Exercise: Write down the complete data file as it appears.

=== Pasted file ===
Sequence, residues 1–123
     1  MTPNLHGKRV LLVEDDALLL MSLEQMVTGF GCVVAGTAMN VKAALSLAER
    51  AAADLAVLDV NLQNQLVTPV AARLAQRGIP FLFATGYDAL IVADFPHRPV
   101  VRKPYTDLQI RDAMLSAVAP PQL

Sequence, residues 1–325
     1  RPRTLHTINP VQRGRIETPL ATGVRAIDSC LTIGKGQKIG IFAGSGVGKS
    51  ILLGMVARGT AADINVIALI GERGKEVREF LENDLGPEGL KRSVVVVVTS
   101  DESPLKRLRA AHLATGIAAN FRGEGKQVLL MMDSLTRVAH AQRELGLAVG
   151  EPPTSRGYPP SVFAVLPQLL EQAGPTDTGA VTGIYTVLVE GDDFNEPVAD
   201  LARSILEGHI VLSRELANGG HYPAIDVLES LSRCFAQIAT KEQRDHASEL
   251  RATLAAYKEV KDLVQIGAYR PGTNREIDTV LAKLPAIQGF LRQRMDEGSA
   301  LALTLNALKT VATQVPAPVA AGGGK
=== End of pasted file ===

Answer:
Sequence, residues 1–123
     1  MTPNLHGKRV LLVEDDALLL MSLEQMVTGF GCVVAGTAMN VKAALSLAER
    51  AAADLAVLDV NLQNQLVTPV AARLAQRGIP FLFATGYDAL IVADFPHRPV
   101  VRKPYTDLQI RDAMLSAVAP PQL

Sequence, residues 1–325
     1  RPRTLHTINP VQRGRIETPL ATGVRAIDSC LTIGKGQKIG IFAGSGVGKS
    51  ILLGMVARGT AADINVIALI GERGKEVREF LENDLGPEGL KRSVVVVVTS
   101  DESPLKRLRA AHLATGIAAN FRGEGKQVLL MMDSLTRVAH AQRELGLAVG
   151  EPPTSRGYPP SVFAVLPQLL EQAGPTDTGA VTGIYTVLVE GDDFNEPVAD
   201  LARSILEGHI VLSRELANGG HYPAIDVLES LSRCFAQIAT KEQRDHASEL
   251  RATLAAYKEV KDLVQIGAYR PGTNREIDTV LAKLPAIQGF LRQRMDEGSA
   301  LALTLNALKT VATQVPAPVA AGGGK